Incidentally, while isolation is a staple of horror, it underlines why Rosemary’s Baby is noteworthy. It also features hallucination and religion, yet its isolation takes place in a crowded city.
Is there really a witch?
Calling the film The Witch creates the reality for audiences that there really is a witch of the woods.
And yet perhaps the film doesn’t show us witchcraft at all, but the reasons for such fears. The family connect the dots to blame sorcery for their misfortunes. Yann Martel’s novel Life of Pi does something similar when it recasts grief as fantasy.
In The Witch, delirium and paranoia combine to explain things that don’t make sense – much as religious rules and knowledge might in a larger community.
- The family suspect an evil hag has snatched their baby
- When Caleb meets the witch she’s a beautiful young woman all but made of breasts
- Finally Thomasin is revealed to be the witch, exactly as the family suspected.
Yet this is rather convenient.
Most telling is the trope of the old hag. As with 1960s horror The Nanny, we’re still primed to see evil in anything that doesn’t conform to narrow beauty ideals. Grotesque witches, for instance, are often just old.
Shyamalan’s The Visit similarly explores how old age and mental illness are a source of terror. And consider how commonly old women convey dread in horror movies including Poltergeist and Rosemary’s Baby.
A precarious position
Even with its abundance of stock genre elements, the film’s dread comes from the true-life horrors of Thomasin’s precarious position as a woman.
Her mother fears her as a romantic or sexual rival. And her age makes her a financial trading piece: her parents plan to put her into service so they don’t have to keep feeding her.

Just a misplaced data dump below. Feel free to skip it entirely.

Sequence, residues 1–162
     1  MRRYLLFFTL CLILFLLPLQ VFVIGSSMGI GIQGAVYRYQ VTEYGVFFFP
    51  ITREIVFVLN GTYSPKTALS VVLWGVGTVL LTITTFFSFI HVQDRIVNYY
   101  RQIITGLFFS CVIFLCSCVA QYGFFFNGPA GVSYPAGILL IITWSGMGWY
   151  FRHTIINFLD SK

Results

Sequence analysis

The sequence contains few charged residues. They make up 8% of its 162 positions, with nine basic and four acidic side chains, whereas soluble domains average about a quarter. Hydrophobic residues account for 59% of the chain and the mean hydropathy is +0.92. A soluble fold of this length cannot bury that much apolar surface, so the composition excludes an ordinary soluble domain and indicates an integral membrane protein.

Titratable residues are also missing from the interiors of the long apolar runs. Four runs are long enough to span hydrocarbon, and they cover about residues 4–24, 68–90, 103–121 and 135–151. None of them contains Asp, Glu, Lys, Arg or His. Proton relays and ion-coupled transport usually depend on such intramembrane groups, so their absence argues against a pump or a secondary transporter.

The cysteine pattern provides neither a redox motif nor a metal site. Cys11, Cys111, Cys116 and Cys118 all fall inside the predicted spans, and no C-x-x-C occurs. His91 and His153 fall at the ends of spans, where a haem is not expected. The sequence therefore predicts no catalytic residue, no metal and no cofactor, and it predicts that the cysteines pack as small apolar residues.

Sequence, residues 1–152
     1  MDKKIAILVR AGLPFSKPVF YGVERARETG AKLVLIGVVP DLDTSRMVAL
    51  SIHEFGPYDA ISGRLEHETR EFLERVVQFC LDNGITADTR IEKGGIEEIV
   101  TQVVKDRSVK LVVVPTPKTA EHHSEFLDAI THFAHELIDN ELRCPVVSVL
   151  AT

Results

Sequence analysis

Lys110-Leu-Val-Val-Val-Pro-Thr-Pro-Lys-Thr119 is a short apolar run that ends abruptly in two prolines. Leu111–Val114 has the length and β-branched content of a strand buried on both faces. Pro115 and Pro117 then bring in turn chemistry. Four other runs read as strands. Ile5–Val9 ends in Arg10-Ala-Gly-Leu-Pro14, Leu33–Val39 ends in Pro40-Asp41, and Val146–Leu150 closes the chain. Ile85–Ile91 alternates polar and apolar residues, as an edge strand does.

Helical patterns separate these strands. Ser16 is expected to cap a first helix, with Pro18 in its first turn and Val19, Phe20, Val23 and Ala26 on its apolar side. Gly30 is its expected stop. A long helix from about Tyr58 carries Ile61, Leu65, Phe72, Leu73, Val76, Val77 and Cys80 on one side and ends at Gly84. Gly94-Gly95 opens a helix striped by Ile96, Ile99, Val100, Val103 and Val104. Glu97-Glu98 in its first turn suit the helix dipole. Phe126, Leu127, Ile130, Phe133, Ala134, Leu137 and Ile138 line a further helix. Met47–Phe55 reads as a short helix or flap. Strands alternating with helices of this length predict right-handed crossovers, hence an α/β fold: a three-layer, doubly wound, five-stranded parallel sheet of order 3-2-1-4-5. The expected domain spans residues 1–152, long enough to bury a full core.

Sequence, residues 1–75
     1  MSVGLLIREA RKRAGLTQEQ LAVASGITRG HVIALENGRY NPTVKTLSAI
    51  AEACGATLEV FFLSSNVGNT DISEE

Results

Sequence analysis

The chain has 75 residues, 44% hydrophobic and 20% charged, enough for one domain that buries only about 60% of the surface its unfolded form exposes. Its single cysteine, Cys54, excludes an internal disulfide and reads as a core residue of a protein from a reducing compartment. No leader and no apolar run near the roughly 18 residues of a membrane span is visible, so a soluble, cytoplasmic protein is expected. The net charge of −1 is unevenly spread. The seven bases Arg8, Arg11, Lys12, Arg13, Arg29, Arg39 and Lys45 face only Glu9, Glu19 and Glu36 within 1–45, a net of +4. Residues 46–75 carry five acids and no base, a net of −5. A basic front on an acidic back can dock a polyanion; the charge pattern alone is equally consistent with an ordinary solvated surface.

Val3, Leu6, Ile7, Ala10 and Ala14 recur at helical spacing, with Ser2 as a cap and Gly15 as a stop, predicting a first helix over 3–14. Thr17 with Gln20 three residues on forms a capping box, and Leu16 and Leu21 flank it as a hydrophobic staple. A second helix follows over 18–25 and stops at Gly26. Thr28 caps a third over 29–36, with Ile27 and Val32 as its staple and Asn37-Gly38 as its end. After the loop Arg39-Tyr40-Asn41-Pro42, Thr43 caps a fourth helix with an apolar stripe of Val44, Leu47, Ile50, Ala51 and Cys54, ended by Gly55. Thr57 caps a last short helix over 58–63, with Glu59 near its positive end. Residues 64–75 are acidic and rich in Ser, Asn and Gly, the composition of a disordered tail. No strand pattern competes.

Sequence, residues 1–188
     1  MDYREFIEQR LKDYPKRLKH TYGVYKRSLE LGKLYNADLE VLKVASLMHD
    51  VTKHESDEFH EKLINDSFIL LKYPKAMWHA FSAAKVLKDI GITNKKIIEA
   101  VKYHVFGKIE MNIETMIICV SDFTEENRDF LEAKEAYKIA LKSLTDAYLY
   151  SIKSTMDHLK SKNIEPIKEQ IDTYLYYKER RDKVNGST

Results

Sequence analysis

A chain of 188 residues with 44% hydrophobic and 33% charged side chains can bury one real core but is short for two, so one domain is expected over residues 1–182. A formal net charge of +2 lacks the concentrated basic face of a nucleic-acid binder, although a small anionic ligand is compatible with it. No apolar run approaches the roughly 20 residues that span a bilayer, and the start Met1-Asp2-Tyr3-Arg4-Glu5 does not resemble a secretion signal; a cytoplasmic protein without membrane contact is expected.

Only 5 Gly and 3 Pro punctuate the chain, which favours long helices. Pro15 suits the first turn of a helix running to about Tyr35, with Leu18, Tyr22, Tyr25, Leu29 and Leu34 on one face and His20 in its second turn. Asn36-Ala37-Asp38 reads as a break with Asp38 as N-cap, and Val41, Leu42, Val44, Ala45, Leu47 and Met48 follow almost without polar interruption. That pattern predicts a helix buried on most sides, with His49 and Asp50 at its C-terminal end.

It doesn’t help that the family preaches piety while its members bend the rules to suit themselves. William lets Thomasin take the blame for losing a silver goblet rather than admit his own lies and transgressions.
There’s also an undercurrent of sexual tension, with the teenage children constrained both by social isolation and the terrors of sin.
With the odds and accusations stacked against her, the film’s ending smacks of ‘if you can’t beat them, join them’. Why not be a witch if you’ve nothing left to lose?
In this sense the title is a prediction because Thomasin finally signs (or imagines signing) the Devil’s book. That is, she accepts his covenant, thus becoming a witch.
But moreover if being a witch is synonymous with old age, it’s her unavoidable fate. If that’s the case, all women become witches … which perhaps isn’t too far off some messages around ageing.
Ultimately, societal fears – of women, witches and God – bind the family to a tragic end.
They cling to a religion as grim and hopeless as the environment, in which even babies are born into sin. Religious knowledge of, and fixation with, devils and witches comes to create the family’s reality.
Without social bonds they lose humanity and strength. They fear the wilderness but in the end they become it – and it consumes them.
The Witch (2015), directed by Robert Eggers
What to read or watch next
- The Lighthouse (same director)
- The Crucible (witch hunt hysteria)
- Rosemary’s Baby (witches, isolation)
- Macbeth (fear of witches)
- Get Out (the horror of the everyday)
- The Others (isolation)
- The Mosquito Coast, Alien: Covenant (colonialism)
Picture credit: Felipe Giacometti